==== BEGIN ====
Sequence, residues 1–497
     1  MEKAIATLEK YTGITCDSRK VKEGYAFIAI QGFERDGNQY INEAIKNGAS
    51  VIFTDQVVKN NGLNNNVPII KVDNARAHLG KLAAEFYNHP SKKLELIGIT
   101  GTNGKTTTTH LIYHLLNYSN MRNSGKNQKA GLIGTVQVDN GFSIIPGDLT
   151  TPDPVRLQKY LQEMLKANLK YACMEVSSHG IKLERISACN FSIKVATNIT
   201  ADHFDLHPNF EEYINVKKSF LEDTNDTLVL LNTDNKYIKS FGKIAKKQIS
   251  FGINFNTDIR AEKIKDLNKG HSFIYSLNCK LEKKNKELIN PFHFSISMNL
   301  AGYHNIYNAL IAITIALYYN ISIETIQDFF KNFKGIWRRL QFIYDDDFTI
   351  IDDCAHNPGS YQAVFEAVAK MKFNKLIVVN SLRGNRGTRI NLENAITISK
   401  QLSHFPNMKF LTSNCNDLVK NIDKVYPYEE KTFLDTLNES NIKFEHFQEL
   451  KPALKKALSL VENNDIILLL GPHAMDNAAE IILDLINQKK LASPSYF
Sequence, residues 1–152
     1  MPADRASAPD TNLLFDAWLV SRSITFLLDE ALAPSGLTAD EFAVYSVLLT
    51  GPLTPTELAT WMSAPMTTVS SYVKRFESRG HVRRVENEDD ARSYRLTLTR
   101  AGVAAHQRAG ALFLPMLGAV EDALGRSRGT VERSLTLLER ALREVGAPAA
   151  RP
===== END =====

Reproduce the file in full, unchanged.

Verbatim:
Sequence, residues 1–497
     1  MEKAIATLEK YTGITCDSRK VKEGYAFIAI QGFERDGNQY INEAIKNGAS
    51  VIFTDQVVKN NGLNNNVPII KVDNARAHLG KLAAEFYNHP SKKLELIGIT
   101  GTNGKTTTTH LIYHLLNYSN MRNSGKNQKA GLIGTVQVDN GFSIIPGDLT
   151  TPDPVRLQKY LQEMLKANLK YACMEVSSHG IKLERISACN FSIKVATNIT
   201  ADHFDLHPNF EEYINVKKSF LEDTNDTLVL LNTDNKYIKS FGKIAKKQIS
   251  FGINFNTDIR AEKIKDLNKG HSFIYSLNCK LEKKNKELIN PFHFSISMNL
   301  AGYHNIYNAL IAITIALYYN ISIETIQDFF KNFKGIWRRL QFIYDDDFTI
   351  IDDCAHNPGS YQAVFEAVAK MKFNKLIVVN SLRGNRGTRI NLENAITISK
   401  QLSHFPNMKF LTSNCNDLVK NIDKVYPYEE KTFLDTLNES NIKFEHFQEL
   451  KPALKKALSL VENNDIILLL GPHAMDNAAE IILDLINQKK LASPSYF
Sequence, residues 1–152
     1  MPADRASAPD TNLLFDAWLV SRSITFLLDE ALAPSGLTAD EFAVYSVLLT
    51  GPLTPTELAT WMSAPMTTVS SYVKRFESRG HVRRVENEDD ARSYRLTLTR
   101  AGVAAHQRAG ALFLPMLGAV EDALGRSRGT VERSLTLLER ALREVGAPAA
   151  RP